Sen. Bernie Sanders unveiled outlines of a sweeping $2.5 trillion housing plan during a campaign stop in Las Vegas on Saturday, a bold and far-reaching agenda that includes national rent control, ending homelessness, and turning federal housing assistance into an entitlement.
By introducing the plan in Nevada, a state hard-hit by the Great Recession and housing crisis, Sen. Sanders aims to steer the debate over an issue of rising importance among Democratic voters, and perhaps make a mark in an early primary state, where talk of affordability and rising rents resonates strongly.
“For too long, this is one of those issues that we just don’t talk about,” he said at a Las Vegas union hall, according to the New York Times. “We have an affordable housing crisis in Nevada, in Vermont and all over this country that must be addressed.”
Housing must be a right. We will:
— Bernie Sanders (@BernieSanders) September 14, 2019
For all renters, he would build 2 million mixed-income units, provide $50 billion in grants for community land trusts, promote robust legal protections for fair housing and take steps to eliminate racial discrimination and gentrification, and cap annual rent increases nationally at no more than one and a half times the rate of inflation or 3 percent, whichever is higher. For low-income renters specifically, he would turn housing assistance—the voucher program known as Section 8—into an entitlement, guaranteeing it to every American, and eliminating the long wait times. He would also expand the National Housing Trust Fund to help construct, rehabilitate, and preserve 7.4 million housing units for seniors and those with low-income or disabilities.
In addition, a Sanders administration would invest $32 billion over five years to combat homelessness, including support for outreach services for those experiencing chronic homelessness.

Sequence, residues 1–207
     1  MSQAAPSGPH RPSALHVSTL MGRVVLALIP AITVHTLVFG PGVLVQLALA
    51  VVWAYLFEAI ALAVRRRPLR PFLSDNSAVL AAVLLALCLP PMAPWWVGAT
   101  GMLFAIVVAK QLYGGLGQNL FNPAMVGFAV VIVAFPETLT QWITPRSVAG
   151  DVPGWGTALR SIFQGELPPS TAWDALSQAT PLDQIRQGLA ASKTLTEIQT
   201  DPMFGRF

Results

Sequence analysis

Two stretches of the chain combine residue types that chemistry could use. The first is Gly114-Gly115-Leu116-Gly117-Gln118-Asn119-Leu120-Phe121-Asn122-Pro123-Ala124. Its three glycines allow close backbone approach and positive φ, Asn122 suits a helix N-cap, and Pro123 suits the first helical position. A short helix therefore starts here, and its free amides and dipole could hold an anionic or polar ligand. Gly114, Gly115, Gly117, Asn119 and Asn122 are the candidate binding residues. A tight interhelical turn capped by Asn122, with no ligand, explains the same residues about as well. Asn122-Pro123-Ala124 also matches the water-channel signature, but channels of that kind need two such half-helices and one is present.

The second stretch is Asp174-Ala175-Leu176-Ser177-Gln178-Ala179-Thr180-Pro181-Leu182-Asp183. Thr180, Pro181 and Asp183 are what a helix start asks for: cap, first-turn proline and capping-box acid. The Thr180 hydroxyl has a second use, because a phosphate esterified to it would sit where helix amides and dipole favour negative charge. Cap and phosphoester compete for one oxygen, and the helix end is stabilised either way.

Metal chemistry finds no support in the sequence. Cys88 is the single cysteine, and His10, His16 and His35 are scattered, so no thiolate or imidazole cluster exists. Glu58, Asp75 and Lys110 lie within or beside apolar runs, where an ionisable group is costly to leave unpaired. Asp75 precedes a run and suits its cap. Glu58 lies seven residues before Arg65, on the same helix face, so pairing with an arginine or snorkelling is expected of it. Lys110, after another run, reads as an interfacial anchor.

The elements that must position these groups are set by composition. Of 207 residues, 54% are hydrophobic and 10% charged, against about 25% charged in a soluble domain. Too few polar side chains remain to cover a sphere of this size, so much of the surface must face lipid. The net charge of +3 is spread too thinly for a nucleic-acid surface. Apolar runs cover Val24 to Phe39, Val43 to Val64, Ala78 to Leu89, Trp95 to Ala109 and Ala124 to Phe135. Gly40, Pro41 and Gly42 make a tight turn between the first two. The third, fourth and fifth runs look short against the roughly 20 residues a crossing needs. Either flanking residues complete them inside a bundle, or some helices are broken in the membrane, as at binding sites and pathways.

Sander’s plan systemically addresses many of the shortfalls in the nation’s housing support system. Currently, federal housing assistance is only available for one in five families in need who qualify, but nearly half of all renters spend more than 30 percent of their income on rent, and rent growth continues to outpace wage growth. Public housing authorities nationwide face an estimated $56.6 billion shortfall to properly upgrade and repair aging homes and apartments.
The plan adopts many policies Sanders implemented while serving as mayor of Burlington, Vermont, in the 1980s, including establishing a community land trust that still successfully operates today and setting up a housing trust fund.
To pay for the plan, Sanders would push for a wealth tax on the top one-tenth of 1 percent of Americans, approximately 175,000 households. Details of how he’ll fund this ambitious expansion of housing aid, like the rest of the proposal, are said to be forthcoming in the following weeks.
During the speech, Sanders contrasted President Donald Trump’s life of privilege with his own upbringing, which included years growing up in a rent-controlled apartment in Brooklyn. Trump and his administration has repeatedly tried to cut federal housing assistance and rollback regulations protecting renters from discrimination.
Sen. Sanders’s plan joins a growing list of housing proposals within the Democratic primary field, including those of Sen. Elizabeth Warren, former housing secretary Julian Castro, and Sen. Kamala Harris.